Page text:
“She was a 17-year-old girl. They had raped her on the way. But that wasn't the only trauma she experienced. The distance between her and her mother increased along the way. Everyone has a different pace and, being younger, she moved on ahead. So when we treated her in Bajo Chiquito, not only was she traumatised by the rape, but she also had the added anxiety of wondering about how her mother would be, if the same thing would happen to her mother, whether she would see her mother again alive.”
This is one of the cases that Guillermo Gironés, Médecins Sans Frontières (MSF) medical coordinator in Panama, remembers with greater clarity after three months of working at the Panama/Colombia border. Gironés outlines in this interview what he and MSF teams are seeing while working in our projects that serve people on the move once they have crossed the Darien jungle, between Panama and Colombia.
What surprised you about the projects when you arrived?
That the people were so internationally diverse. It is true that most of the migrants are Haitians who move from countries like Chile or Brazil, where they had migrated previously. But the reality of also meeting people from Pakistan or Democratic Republic of Congo (the other day I met some Congolese people, from Kinshasa, who had been living in Argentina), that surprised me.
Nor do you expect a humanitarian crisis such as this in a country like Panama. Above all, you don't expect the associated violence, the brutality encountered on the way, including both sexual and general violence that occurs during robberies.
The Darien remains a merciless journey. And that is why we are asking for safe routes for these people... migration is not a crime.Guillermo Gironés, medical coordinator in Panama
What were your duties as a medical coordinator?
I worked on the strategy for dealing with patients and negotiating with the authorities, so that the necessary support can be made available in Bajo Chiquito by the Panama Ministry of Health, with whom we work hand in hand. We have also had to do a lot outreach work with the authorities on what it means to be a victim of sexual violence, the need not to re-victimise people (by repeating questions, numerous interviews, etc.), the importance of confidentiality, the need for complaints to be voluntary, etc.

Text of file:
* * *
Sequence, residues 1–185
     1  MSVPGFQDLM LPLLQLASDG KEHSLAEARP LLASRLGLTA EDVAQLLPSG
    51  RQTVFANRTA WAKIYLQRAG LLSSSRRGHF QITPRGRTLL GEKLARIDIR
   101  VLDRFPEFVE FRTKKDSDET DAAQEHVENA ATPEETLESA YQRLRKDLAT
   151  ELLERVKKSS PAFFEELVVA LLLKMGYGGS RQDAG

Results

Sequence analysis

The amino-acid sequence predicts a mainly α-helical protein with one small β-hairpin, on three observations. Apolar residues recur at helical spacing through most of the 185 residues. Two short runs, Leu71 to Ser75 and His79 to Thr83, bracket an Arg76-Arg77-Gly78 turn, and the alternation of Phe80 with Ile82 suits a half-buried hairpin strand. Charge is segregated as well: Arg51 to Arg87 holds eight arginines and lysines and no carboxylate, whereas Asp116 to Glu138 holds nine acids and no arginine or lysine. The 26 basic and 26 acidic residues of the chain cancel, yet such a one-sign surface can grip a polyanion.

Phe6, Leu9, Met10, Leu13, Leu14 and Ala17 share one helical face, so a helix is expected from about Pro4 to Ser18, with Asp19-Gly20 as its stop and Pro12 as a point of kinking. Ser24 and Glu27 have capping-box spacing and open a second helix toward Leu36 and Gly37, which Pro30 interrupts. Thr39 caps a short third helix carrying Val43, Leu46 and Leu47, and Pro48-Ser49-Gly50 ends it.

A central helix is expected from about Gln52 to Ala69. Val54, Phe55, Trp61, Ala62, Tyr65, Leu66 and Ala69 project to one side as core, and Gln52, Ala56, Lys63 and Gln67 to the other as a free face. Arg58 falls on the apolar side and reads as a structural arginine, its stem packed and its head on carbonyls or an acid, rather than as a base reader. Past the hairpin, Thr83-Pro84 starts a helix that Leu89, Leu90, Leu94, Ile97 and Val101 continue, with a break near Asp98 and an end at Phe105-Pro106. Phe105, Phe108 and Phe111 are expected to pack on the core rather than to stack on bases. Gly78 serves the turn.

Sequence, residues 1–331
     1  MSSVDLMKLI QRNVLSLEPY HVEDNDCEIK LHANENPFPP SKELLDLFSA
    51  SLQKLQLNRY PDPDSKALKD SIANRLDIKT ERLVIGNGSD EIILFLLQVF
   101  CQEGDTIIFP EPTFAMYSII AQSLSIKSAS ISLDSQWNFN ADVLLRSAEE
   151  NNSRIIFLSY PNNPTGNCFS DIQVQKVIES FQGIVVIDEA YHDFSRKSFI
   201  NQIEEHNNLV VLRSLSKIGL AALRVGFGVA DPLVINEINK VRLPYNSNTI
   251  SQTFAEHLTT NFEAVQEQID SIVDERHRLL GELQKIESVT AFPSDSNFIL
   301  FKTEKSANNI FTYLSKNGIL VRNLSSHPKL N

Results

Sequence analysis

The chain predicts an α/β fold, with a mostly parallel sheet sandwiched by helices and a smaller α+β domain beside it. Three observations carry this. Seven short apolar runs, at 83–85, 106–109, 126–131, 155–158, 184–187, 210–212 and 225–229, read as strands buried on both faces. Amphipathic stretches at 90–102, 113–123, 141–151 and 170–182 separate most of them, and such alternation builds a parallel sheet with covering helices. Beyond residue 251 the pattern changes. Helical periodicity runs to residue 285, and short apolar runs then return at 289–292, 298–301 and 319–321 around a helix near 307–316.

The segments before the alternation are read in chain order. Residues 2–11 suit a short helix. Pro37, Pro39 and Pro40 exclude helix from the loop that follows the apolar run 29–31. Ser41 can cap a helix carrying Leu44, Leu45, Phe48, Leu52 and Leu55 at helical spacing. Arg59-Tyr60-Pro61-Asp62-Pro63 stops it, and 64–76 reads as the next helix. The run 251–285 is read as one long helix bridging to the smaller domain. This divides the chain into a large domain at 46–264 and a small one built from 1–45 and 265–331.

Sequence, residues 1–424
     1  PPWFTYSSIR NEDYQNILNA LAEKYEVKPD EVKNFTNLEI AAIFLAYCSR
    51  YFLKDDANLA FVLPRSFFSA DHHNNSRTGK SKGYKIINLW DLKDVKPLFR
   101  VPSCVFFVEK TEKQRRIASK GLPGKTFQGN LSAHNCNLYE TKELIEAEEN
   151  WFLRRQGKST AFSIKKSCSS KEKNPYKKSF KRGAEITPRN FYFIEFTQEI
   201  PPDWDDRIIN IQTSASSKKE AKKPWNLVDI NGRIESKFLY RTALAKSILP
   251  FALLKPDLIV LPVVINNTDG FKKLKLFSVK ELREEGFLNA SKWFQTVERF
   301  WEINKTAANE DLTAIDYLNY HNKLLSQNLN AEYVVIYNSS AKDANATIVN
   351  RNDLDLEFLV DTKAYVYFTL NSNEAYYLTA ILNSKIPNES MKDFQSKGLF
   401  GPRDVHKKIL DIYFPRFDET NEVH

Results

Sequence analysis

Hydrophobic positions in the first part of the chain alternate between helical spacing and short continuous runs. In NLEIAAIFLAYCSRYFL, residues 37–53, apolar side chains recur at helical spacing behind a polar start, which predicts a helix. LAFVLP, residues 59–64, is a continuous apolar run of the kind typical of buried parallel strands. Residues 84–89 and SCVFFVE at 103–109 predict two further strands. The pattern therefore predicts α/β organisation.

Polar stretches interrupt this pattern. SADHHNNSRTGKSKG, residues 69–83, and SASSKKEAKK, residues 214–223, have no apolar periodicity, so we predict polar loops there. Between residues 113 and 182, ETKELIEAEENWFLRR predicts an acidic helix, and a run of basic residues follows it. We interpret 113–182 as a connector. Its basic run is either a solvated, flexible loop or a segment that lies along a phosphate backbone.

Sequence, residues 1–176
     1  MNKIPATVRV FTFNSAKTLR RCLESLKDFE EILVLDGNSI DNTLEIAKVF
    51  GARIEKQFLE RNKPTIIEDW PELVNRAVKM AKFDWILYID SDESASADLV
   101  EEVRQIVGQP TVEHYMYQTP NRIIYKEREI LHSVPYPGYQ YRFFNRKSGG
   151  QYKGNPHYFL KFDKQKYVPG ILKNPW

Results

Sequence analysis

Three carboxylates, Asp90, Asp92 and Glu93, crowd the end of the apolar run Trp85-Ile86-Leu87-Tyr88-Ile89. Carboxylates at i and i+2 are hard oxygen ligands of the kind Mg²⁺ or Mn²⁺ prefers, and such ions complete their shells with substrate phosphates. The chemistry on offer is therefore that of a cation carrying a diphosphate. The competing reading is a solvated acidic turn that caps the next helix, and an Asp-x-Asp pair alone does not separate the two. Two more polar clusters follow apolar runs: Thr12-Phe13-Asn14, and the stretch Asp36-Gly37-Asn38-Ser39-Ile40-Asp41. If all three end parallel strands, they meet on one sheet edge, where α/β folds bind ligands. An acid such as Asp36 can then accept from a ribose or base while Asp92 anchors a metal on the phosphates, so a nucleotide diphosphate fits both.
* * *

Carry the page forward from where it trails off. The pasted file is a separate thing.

Teams have treated 288 cases of sexual violence since the project began at the end of April. Are they all reported to the authorities?
No, far from it. And we have to imagine that the cases that we have seen may only represent 25 per cent of those that actually occur. But migrants generally do not report instances of violence or rape, for two reasons: one, their criminalisation by states and their organisations makes them mistrust the authorities; and two, naturally, what they want is to move on as soon as possible. They want to reach their destination as soon as they can, and they will avoid getting involved in proceedings that could delay their trip and without the certainty of any outcome of the ensuing investigation.
How is a person who has been subjected to sexual violence cared for?
To avoid subjecting a person to numerous interviews and questions, as I mentioned earlier, we try to create a single comprehensive consultation, with the presence of a doctor and psychologists. In terms of medical care, if the event has occurred within the past 72 hours, we offer treatment for the prevention of sexually transmitted diseases, HIV and pregnancy. We also treat any pain they may have from being assaulted and beaten up. Nearly 90 per cent of those we attend to also receive counselling, on a voluntary basis, which can take up to an hour.
It can also be hard on our teams; imagine the emotional burden for the psychologist, who also has to treat seven or eight cases in a single day. All cases are terrible, appalling, unacceptable.
And the number of sexual assaults is not improving, is it?
No. For a few weeks between September and October, the numbers fell, with greater activity on all fronts by the authorities (military, attorney general, etc). But criminal groups have returned. We have had 18 cases of sexual assaults in the last week; overwhelming numbers. Clearly it can be stopped – it has been proven – but appropriate measures need to be taken once again to put an end to this.
What illnesses or conditions do you see the most?
The most common conditions our teams see are skin lesions, respiratory infections and gastrointestinal disorders, that arise from the dangers associated with a five-day route through the jungle, where there is also an enormous amount of violence.
The Darien has three dangers: first, violence. Second, the rivers, with flash floods and enormous currents. These are difficult to fight for a person who has spent five exhausting days walking through a jungle that is torturous to cross. Just now, a colleague of mine was telling me about a woman that she was treating who saw the river rise and wash away seven people from her group.
Third, there are the ascents and descents on slippery terrain, as the jungle is very uneven. Falls occur, some of which are fatal, and the migrants continue to talk of injured people who have to be left to their fate and abandoned in the jungle, possibly left for dead if they cannot be reached by rescue attempts.
In recent months, the Bajo Chiquito community has implemented a fee-paying canoe service that shortens the crossing of the final section by two days. That provides a great deal of relief; we no longer see people emerging from the Darien with their feet so ravaged by the humidity, burned by the friction of water and sand, terribly swollen.
Still, the Darien remains a merciless journey. And that is why we are asking for safe routes for these people, largely made up of family units with children. Migration is not a crime.